71. When we begin our childhood inquiry into whether the physical world parallels our experiences, and then how much this can be so in our adolescences, we are on the right track. When we lose ourselves in the physical world as adults, we are not.

    Should we now assume, that our consciousnesses are created from the physical world. What is the mechanism for this? Do a group of highly trained biologists dance around a newborn to have this take place? Did they find the teapot in the brain where the physical world translates itself into our subjective representation of it?

    The answer is that there is no physical mechanism for the creation or derivation of the conscious experience. Whether this helps you in finding the cure for cancer is neither here not there. It's life.

    ReplyDelete
  72. Reached the end of this post, and you're still a jerk...and probably always will be. Live with it.

    ReplyDelete
  73. It's obvious that you and your cheerleading commenters neither understand science or logic.

    As to Doctor Myers - Still one of the best rational atheist bloggers out there.

    And you - just pitiable without a shred of sense.

    ReplyDelete
  74. It seems to me that your approach to writing and indeed your "writing", suffers from a mix of poor preparation and lackadaisical thought processes.

    So it goes without saying, that one so handicapped, should never even approach subjects of a scientific nature.

    The faulty rationale that prevented you from coming to this conclusion yourself, is only an indictment.

    ReplyDelete
  75. "Please note that at the end of this post P.Z.Myers will still be a jerk and I still won't be,"

    Grow up.

    ReplyDelete
  76. "Should we now assume, that our consciousnesses are created from the physical world. What is the mechanism for this?"

    That's a good question. Of course, it's also potentially a bad question: we don't really even know what consciousness is in the first place.

    But the key point here is not that while science has no final answer to the question at the moment, I very much doubt you have ANY form of "non-material" answer with which to contrast it.

    That's the problem with most of this vacuous spiritualism: it touts the inability of anyone to explain this or that phenomenon via material means... without even the slightest attempt to explain what a "non-material" explanation would entail, let alone trying to actually give one.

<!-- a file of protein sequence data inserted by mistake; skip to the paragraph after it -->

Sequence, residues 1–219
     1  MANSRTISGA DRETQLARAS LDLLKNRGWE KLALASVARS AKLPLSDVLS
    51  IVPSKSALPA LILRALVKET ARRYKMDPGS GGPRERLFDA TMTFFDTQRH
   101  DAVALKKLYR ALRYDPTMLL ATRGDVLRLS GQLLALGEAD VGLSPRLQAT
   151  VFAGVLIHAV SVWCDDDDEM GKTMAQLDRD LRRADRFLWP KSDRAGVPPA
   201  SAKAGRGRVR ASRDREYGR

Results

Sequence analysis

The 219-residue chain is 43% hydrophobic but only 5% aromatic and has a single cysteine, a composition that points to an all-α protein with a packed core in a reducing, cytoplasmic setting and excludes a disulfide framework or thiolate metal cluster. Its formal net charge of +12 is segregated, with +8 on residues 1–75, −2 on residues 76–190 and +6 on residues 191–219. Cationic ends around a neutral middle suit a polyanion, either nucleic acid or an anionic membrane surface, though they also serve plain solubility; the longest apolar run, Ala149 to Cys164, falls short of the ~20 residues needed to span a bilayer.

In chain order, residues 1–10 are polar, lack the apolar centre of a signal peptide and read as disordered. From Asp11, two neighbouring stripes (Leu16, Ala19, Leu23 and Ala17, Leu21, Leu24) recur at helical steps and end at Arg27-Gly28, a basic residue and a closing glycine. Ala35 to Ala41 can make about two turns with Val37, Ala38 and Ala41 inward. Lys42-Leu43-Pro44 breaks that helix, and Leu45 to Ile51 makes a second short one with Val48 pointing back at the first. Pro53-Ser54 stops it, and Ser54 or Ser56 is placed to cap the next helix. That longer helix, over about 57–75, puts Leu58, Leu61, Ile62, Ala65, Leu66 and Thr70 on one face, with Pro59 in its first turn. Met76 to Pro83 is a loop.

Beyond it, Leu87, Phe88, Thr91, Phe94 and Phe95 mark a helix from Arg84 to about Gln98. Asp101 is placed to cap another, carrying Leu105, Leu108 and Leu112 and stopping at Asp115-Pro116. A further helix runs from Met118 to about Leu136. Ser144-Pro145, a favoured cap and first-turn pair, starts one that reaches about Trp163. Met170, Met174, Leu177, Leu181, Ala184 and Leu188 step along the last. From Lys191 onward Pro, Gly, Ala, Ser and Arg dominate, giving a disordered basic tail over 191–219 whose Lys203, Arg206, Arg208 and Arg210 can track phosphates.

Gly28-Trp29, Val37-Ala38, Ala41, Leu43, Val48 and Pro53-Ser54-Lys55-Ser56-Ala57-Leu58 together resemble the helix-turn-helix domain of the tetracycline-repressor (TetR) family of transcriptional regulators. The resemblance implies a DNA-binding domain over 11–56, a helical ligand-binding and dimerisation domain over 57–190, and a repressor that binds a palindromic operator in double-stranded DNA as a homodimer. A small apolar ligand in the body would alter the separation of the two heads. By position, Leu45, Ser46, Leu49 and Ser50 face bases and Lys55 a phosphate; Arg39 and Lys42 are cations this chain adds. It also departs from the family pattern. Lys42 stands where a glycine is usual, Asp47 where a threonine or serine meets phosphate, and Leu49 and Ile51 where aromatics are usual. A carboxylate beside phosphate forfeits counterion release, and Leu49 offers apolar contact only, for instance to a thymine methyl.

At least scientific study of the brain and consciousness has revealed all sorts of fascinating insights into the connections between perception and brain function. What demonstrable insight into the mechanism of consciousness has airy non-materializing EVER materialized?

    ReplyDelete
  77. Here's how Intelligent Design works:

    http://www.antievolution.org/features/wedge.html

    ReplyDelete
  78. Let's be careful here not to conflate evolutionary biology with PZ Myers.

    Not all scientists react with bile, even in the face of what can be extraordinarily frustrating intrusions by those attempting to derail the scientific method. And, to be sure, intelligent design and its component parts are precisely such an attempt.

    Let's judge such issues on the merits of the science, and not on personalities.

    ReplyDelete
  79. Peter Burnet said... "Phoebe from Friends? Dammit, Bryan, we spend days defending your honour in the face of your dicey reference to the controversial Behe and now you expect us to champion the cause of Phoebe? What are we supposed to say, that underneath she is in touch with a richer atavistic wisdom? OK, man, I'm loyal as always, but I want danger pay."

    No, man. You're loyal to a fault, you gotta ditch this guy. C'mon, religion lacked any idealogical biases until that one episode of Friends? He can't be serious.

    ReplyDelete
  80. Let's see: Ross hurt Phoebe's feelings so it's okay for her to believe something that is really dumb.

    PZ Myers hurt Bryan Appleyard's feelings. and Bryan is like Phoebe.

    It's better to be a jerk and right than to defend nonsense under the guise of not hurting people's feelings.

    ReplyDelete